hemenwaykid (hemenwaykid) wrote in bad_service,
hemenwaykid
hemenwaykid
bad_service

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self-flagellation

Hidey ho. I read this community only sometimes, but had an interaction today that I feel bad about, so I'm posting. Note that I'm a party to the bad_service here, not the recipient/victim. If this comm is an inappropriate place for Retail Confession let me know and I'll take it down.

I work in a bike shop that opened about a year ago. I'm not a bike tech, I'm sort of a bike apprentice so I can fit you to your bike, I know enough about the bikes to sell them, I know about the gear that we carry, but I don't do repairs apart from pedal installs and flat tires. Since April or May, we've been operating at about 700% of our expected capacity (the neighborhood was apparently starved for a bike shop?!), and by and large, things have been going really well, community's getting to know us and we them, etc. I'm not making excuses for what happened to this guy, but if anyone guesses where I work, I want to make clear that this is a total aberration on our part, as far as the level of service we usually provide goes. I guess it was inevitable that something would fall through the cracks, I just wish it hadn't been quite such a big ball of fail.


A few weeks ago, a guy comes in. I'll call him Joe. Joe has recently purchased a (used) bike to replace his long-lived, beloved, and recently retired bike, but Bike Two is just not living up to the standard set by Bike One. It's a different size and different style, and he's not sure if it's the bike for him. I honestly don't know the back story here of how he ended up with a bike that turned out to be not the best fit, but that's water under the bridge at this point, we just want to see what we can do with the frame he has to make it work as best we can for him. He comes in and talks to D, who suggests that he bring both bikes in sometime and we can compare the two, and see what we can do to make Bike Two more like Bike One. This is his first trip into the store.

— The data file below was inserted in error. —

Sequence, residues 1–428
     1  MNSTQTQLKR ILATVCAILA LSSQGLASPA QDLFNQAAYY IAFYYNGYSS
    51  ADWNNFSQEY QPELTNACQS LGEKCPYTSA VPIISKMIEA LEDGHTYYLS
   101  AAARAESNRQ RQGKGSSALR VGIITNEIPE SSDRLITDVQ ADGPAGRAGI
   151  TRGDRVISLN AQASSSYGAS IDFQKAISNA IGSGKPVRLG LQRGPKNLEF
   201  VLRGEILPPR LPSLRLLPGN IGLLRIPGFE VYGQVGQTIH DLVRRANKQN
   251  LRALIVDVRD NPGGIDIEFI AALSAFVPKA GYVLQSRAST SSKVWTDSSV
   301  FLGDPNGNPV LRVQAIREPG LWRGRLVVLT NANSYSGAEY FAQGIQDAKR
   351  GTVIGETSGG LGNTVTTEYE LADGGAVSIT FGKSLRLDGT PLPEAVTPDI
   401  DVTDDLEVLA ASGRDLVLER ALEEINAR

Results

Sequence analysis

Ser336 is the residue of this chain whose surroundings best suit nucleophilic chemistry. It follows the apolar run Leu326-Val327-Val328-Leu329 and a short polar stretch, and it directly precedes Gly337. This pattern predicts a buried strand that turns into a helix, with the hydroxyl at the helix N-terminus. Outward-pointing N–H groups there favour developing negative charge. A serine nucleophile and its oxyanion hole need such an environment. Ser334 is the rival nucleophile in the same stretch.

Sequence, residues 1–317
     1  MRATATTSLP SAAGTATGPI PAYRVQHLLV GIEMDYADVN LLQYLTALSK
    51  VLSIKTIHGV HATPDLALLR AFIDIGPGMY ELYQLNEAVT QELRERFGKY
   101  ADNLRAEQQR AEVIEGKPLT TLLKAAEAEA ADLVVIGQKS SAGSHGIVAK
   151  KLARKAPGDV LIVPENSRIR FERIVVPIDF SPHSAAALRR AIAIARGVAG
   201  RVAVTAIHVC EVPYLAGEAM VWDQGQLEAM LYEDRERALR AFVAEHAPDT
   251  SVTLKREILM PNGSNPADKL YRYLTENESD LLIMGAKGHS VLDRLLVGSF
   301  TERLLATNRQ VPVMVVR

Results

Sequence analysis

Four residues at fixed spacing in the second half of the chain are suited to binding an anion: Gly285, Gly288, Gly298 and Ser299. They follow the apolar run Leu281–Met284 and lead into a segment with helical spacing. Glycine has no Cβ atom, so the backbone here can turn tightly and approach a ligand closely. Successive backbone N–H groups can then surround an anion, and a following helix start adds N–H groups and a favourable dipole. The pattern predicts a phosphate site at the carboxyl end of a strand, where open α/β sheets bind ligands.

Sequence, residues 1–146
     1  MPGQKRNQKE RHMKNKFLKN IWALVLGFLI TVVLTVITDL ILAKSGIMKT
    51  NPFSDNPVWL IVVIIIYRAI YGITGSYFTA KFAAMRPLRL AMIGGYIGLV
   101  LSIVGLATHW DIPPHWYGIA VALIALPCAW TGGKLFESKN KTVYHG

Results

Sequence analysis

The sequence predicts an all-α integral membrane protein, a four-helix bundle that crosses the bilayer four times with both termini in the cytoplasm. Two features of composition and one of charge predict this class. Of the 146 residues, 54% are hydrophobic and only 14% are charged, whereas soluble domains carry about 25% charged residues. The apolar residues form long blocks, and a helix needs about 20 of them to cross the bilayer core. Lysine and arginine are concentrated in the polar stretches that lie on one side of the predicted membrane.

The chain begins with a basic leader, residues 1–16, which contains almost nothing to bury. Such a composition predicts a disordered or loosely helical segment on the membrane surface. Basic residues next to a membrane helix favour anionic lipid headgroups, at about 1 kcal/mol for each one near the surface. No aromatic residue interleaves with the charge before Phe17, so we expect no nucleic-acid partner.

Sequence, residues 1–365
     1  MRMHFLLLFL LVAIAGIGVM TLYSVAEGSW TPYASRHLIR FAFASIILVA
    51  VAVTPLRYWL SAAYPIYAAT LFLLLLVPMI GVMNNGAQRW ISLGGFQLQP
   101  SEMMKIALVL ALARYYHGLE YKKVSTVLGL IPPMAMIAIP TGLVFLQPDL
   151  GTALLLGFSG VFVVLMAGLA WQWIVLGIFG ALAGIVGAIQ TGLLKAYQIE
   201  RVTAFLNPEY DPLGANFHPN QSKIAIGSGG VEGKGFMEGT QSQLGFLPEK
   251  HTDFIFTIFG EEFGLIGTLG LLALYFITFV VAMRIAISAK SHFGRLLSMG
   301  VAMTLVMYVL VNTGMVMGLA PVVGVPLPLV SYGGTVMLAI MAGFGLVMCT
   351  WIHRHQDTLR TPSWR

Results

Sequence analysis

He comes back with both of his bikes. D spends maybe 45 minutes measuring and protractoring both his bikes to compare the two. She puts him on the new bike to see what it might be that's specifically causing him issues. They talk about options. I was in the shop during this time but had my own customers so I wasn't paying total attention, but I remember him being there. He leaves Bike Two behind with us to get the handlebars raised and the chainring replaced (the chainring has nothing to do with the fit of the bike; I don't know what led the conversation towards getting this replaced). This is his second trip to the store. This is also about the end of our being on the ball with him.

When a bike gets left with us, paperwork gets filled out for it. Every repair sheet has a tearaway ticket with a seven-digit number that corresponds to the number on the repair sheet. The ticket gets put on the bike, the repair sheet gets put in the hanging file thingamajiggy, and the bike gets put in the back. Bikes are worked on in the order in which they arrive, but if we have to order parts (like we did for this guy), the repair form is supposed to stay in the hanging file thingamajiggy until the parts come in. Usually we stick it in towards the bottom so it doesn't muck things up too much.

We lost the guy's paperwork. It didn't make it to the thingamajiggy. We did manage to order his chainring (his paperwork got buried next to the ordering computer...we found it today). But when it arrived, we didn't have paperwork to match it to--which means we didn't know which bike it went with. So now we've got a bike floating around (with no paperwork, and as a result no owner as far as we're concerned) and a loose chainring (which is clearly a special order for somebody, but there's no paperwork, so we don't know who it belongs to). It became one of those retail things where everyone thought another person knew what was going on with this stuff, and so we didn't trouble ourselves with the random loose ends because we all had our own thing going. Nobody felt the urgent need to reconcile loose bike with loose chainring (and besides, we had no paperwork saying the two went together).

Oh, and D went out of town. The one who could've provided the explanation.